This 3-minute Japanese exercise will increase your flexibility and lengthen your life

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    Flexibility is crucial for optimal movement, training, and preventing pains and injuries. Here’s how to maintain your flexibility. 

    In the same way that you seek to increase your muscle mass via exercise, you also need to increase your flexibility, particularly if you want to feel good as you age and stay injury- and problem-free in the gym.

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    Stretching and flexibility exercises are a common starting point for workouts of many types, but there are also entire routines devoted to performing both, and experts believe that are key components of a full fitness plan, along with strength and endurance activities.

    You don’t have to practise uncomfortable stretches or become a contortionist in the circus to improve your flexibility. Simply be sure to give your body the care it needs, and concentrate on improving little by little. And the Japanese have the ideal schedule for it, which has been widely adopted for some time.

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    Due to their daily commitment to healthy behaviours, including flexible work, the Japanese are among the healthiest people in the world (the nation is considered to be one of the “blue zones” of the globe where people have been known to live longer and healthier).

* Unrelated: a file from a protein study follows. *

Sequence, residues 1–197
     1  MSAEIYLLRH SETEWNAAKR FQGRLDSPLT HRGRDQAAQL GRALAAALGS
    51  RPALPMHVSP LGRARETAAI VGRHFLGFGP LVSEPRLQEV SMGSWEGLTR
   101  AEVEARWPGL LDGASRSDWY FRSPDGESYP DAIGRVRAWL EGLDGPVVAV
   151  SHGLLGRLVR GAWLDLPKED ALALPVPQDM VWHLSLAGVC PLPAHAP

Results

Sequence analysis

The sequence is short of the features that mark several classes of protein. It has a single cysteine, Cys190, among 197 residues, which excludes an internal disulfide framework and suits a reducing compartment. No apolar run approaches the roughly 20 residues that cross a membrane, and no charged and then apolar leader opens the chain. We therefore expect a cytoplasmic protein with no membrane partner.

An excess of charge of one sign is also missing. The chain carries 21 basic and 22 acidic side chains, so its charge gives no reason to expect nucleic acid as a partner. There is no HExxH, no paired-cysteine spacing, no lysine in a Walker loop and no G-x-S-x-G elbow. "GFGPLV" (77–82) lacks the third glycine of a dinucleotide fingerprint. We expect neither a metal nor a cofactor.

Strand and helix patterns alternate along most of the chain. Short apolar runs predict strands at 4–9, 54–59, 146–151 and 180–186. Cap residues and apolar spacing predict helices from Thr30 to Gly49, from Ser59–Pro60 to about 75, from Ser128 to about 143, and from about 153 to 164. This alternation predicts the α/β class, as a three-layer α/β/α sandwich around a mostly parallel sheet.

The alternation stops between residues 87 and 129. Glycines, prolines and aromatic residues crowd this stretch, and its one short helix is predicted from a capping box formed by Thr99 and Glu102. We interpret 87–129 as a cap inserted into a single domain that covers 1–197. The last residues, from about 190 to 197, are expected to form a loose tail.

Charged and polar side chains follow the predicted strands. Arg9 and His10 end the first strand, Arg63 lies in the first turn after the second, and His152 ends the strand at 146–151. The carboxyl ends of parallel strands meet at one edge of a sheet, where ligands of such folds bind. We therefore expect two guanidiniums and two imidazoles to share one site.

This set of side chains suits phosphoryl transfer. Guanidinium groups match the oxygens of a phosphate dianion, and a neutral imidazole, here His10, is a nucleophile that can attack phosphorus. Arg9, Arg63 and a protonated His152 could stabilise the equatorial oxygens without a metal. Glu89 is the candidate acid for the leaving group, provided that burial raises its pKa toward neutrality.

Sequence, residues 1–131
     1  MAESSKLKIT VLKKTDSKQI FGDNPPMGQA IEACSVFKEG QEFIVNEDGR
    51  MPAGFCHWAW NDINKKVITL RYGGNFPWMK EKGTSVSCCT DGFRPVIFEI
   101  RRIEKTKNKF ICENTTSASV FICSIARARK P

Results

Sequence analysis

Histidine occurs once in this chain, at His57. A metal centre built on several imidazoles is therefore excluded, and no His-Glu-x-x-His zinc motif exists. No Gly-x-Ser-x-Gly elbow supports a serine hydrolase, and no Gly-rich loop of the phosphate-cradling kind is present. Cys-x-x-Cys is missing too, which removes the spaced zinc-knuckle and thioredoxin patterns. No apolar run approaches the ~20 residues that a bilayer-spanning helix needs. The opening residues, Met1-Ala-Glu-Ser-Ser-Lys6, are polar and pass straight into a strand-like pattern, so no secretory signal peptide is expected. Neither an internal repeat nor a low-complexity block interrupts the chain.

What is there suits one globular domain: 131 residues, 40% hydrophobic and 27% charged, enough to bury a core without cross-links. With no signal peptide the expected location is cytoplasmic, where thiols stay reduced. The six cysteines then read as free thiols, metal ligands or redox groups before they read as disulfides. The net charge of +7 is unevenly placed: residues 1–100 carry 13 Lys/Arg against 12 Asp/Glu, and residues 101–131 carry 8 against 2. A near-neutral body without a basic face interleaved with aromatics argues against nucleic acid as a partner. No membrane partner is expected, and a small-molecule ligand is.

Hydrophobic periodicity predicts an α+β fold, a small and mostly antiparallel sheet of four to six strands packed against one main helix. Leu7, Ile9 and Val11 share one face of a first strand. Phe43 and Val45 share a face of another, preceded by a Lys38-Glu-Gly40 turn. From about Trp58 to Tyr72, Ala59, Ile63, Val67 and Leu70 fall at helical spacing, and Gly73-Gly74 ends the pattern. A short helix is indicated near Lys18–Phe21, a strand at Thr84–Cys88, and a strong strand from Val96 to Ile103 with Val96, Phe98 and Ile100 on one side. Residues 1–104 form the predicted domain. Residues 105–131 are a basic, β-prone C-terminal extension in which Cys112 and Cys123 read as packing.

The Japanese way of life will increase your flexibility on a regular basis

    According to the BBC, millions of Japanese people undertake a workout known as rajio taiso, or “radio callisthenics,” many times daily in parks, schools, and even offices. This exercise first gained popularity in the 1920s. There are others who think it holds the key to living longer and ageing more well and independently. They discover that this programme not only increases flexibility but also keeps individuals active and healthy, stops discomfort while prolonging life, and keeps them healthy and active. The BBC also explains how the workout programme is broken up into three separate exercises with varying degrees of difficulty: dai-ichi, dai-ni, and dai-san. The last exercise on the list, which needs the greatest effort, is often carried out by younger individuals.

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    During the three-minute workout, you must move your feet, shoulders, arms, and other body parts while using your body weight. People who work in offices or who spend a lot of time sitting or in the same posture every day are highly advised to do this.

    The practice typically consists of 13 movements, making it a full-body exercise.

    Dai-ichi is a 13-movement form that starts with a slow rising of the arms over the head, as the BBC describes. The second movement begins with the arms folded over the chest and ends with them extended on each side. A slight bob of the knees, barely enough to induce perspiration, is added to this.

    In movement 11, the participants advance to modest star leaps that are timed to the music. This is the most demanding the routine gets. To give the body time to calm down, the final two motions repeat steps one and two.

    According to the Economic Times of India, radio broadcasts give listeners instructions to follow, such as, “First, lift your arms and extend your body. Then, rotate your arms. Now gently lean forward while bouncing three times in rhythm. Afterwards, stoop backwards. 

    The fact that it is a group activity and that the routines are broadcast on the radio in Japan means that people are aware of specific times during the day when they can take a break from their routines to move around and stretch their muscles, which relieves conditions like back and neck pain.

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